ACT Series: How to Prepare for the Science Section of the ACT Test

The ACT is important to high school students in Missouri and across the U.S. for several reasons. It is an important factor considered in college admissions and the way scholarships are awarded. It can help students become eligible for the A+ Scholarship. While the level of importance can differ among students based on their plans, it is a tough challenge for everyone their first time. Students take timed tests in multiple subjects, answering questions that can confuse them or make them second guess themselves.

This is the final article of a four-part series on the ACT, describing each of the subject tests and how to prepare for them. We will finish with science.

The basics of the science test

Like the reading portion, the science portion of the test involves reading passages and answering questions about that information. The passages are from academic journals or reports and students will need to provide data from that information. Students have 35 minutes to answer 40 questions.

How do I prepare for the test?

The ACT publishes a test breakdown which describes how much of the test is focused on one topic. In each topic, it is further broken down into certain areas of focus. For science, a majority of this test will focus on either data representation or research summaries. This means it will either ask you for a specific piece of data or to analyze what the passage focused on.

To help students prepare, the ACT also provides old versions of the test online and in print. Ask your counselor if they have copies of old booklets so you can take practice tests and time yourself.

How is the test graded?

The ACT has released its scoring rubric so you know ahead of time what to expect. This is very helpful for students who are aiming for a specific score.

What is your biggest tip for this test?

Study the small details. On graphs, look at the x and y axis and what they are measuring. For tables, look at what information is given and see if you can find a pattern. The test is used to determine if you can answer questions with the details you have been given, not what you already know.

Final thoughts

A common misconception about the science test is it is quizzing you on how much you know. While a general level of knowledge is needed, it is testing your ability to read and understand scientific information. Basically, what you are able to pick up from the information that is given to you in graph or text form. Remember, calculators are not allowed on this portion despite numerical data being involved. You should come to a conclusion, not a calculation. The quicker you can pick up patterns the better you will do.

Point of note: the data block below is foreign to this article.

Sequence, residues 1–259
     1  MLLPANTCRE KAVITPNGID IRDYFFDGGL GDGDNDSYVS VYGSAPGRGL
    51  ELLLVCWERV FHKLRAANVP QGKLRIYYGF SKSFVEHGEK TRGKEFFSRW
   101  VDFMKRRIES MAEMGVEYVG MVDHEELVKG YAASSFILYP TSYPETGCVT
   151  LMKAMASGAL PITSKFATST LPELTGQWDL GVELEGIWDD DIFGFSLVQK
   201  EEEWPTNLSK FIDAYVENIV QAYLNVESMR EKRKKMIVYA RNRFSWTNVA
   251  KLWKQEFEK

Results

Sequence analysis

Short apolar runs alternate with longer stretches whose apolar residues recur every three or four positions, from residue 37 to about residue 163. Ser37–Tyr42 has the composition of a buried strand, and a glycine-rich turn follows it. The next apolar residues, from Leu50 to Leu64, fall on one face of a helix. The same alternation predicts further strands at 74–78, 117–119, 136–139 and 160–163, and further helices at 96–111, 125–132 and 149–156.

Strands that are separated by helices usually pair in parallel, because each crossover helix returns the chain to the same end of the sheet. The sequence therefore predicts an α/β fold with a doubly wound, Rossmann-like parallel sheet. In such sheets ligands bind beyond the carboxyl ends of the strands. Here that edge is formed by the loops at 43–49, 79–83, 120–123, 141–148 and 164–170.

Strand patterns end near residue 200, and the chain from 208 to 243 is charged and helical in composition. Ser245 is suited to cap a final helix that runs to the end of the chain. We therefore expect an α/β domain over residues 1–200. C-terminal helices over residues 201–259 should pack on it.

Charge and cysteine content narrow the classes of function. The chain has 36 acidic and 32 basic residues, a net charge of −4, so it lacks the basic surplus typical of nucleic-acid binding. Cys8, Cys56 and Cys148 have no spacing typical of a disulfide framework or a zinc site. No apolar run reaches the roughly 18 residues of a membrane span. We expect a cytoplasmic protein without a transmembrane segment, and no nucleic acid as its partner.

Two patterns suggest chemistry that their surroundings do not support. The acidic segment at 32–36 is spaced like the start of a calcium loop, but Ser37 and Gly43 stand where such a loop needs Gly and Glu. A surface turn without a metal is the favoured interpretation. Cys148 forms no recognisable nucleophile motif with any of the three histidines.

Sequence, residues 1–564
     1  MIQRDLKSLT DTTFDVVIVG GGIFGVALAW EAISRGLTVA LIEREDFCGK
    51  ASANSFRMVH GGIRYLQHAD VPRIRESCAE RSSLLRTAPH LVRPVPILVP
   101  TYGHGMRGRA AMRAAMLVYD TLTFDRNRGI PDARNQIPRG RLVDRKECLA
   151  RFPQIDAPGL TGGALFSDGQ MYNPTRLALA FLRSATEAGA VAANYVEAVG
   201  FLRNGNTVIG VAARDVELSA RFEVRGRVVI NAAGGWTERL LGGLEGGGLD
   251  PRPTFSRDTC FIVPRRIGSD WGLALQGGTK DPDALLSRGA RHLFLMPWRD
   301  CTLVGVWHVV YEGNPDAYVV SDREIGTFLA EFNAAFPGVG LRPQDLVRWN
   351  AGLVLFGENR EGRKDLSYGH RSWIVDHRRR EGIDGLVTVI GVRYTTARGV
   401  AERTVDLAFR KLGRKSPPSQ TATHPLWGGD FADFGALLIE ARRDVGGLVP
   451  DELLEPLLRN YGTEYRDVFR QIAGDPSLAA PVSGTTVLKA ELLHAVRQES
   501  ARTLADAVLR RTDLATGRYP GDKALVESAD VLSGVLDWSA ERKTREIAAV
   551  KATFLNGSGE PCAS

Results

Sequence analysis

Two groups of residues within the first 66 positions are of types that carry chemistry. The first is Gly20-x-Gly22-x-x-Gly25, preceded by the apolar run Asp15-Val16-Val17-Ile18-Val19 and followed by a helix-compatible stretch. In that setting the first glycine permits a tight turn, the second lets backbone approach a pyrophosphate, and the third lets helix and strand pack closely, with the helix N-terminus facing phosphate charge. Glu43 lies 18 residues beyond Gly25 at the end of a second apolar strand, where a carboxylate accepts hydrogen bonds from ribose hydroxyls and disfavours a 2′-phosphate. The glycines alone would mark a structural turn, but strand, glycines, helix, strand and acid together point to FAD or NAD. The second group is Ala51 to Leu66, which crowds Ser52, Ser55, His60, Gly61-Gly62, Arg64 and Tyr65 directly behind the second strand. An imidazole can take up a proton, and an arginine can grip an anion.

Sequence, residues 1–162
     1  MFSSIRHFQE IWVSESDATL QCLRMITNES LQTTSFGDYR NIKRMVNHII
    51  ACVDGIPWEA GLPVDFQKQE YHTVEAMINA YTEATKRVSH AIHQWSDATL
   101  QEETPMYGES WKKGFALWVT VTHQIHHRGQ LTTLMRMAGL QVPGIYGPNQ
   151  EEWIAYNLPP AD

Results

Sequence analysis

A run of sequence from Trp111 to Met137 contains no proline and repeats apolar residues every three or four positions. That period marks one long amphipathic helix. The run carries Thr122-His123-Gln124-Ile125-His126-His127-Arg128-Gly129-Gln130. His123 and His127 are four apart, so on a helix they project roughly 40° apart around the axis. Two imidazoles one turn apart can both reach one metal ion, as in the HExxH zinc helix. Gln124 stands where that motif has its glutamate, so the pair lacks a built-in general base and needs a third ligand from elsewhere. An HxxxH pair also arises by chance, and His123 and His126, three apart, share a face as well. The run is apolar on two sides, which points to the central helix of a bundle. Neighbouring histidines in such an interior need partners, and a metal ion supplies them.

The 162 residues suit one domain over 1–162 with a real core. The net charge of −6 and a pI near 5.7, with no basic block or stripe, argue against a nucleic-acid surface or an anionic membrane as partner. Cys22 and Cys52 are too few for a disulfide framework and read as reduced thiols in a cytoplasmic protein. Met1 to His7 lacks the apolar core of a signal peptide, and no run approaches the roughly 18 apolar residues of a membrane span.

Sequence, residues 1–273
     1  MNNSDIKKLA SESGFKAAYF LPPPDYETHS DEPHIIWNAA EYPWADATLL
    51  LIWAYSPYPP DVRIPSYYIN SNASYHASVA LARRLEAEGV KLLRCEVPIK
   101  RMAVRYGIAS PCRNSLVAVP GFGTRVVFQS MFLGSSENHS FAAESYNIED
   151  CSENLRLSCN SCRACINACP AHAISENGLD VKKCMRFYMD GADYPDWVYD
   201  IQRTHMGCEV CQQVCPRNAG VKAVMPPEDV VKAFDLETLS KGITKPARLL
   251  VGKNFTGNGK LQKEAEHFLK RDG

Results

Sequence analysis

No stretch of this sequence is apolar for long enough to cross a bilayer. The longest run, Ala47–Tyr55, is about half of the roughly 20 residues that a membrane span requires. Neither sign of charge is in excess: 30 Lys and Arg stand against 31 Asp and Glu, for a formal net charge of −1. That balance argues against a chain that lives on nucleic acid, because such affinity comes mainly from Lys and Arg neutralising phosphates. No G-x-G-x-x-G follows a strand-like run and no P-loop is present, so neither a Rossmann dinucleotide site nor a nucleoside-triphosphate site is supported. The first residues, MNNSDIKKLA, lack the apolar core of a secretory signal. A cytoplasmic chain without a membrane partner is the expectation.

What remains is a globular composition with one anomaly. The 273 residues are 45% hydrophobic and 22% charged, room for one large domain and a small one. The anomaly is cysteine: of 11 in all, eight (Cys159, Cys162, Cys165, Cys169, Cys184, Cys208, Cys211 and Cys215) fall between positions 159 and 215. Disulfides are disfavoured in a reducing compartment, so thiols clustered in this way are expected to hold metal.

Read the other parts of the ACT Series

ACT Series: How to Prepare for the Reading Section of the ACT Test

The ACT is important to high school students in Missouri and across the U.S. for several reasons. It is an important factor that is considered in college admissions and how scholarships are awarded. It can help students become eligible for the A+ Scholarship and in some parts of the state it is a requirement to graduate. While the level of importance can differ among students, based on their plans, it is a tough challenge for everyone their first time. Students take timed tests in multiple subjects, answering questions that can confuse them or make them second guess themselves.

To help students prepare for the ACT test, Journey to College has prepared a four-part series of articles discussing each area of the test. This is the third article of the series on the ACT, describing each of the subject tests and how to prepare for them. The reading portion of the test is the subject of this article.

The basics of the reading test

In the reading portion of the test, students read several passages and answer questions about that information. It challenges students to retain information quickly, think critically about the text, and infer additional information based on what they read. Students have 35 minutes to answer 40 questions.

How do I prepare for the test?

a young man laying on a yellow couch reading a book.The ACT publishes a test breakdown, which describes how much of the test is focused on one topic. In each topic, it is further broken down into certain types of questioning. A majority of the reading test will question you about key details from the text, including picking up context clues and coming to conclusions based on the information given.

To help students prepare for the test, the ACT also provides old versions of the test online and in print. Ask your counselor if they have copies of old booklets so you can take practice tests and time yourself.

How is the test graded?

The ACT has released its scoring rubric so you can know ahead of time what to expect. This is very helpful for students who are aiming for a specific score.

What is your biggest tip for this test?

Learn to skim the material. If you spend a minute on every question, you will run out of time before finishing the test. This doesn’t take into account how much time you will spend reading the section. Briefly going over the passage can still give you information about context and conclusions. If a question stumps you, refer back to the reading but do not reread the entire section.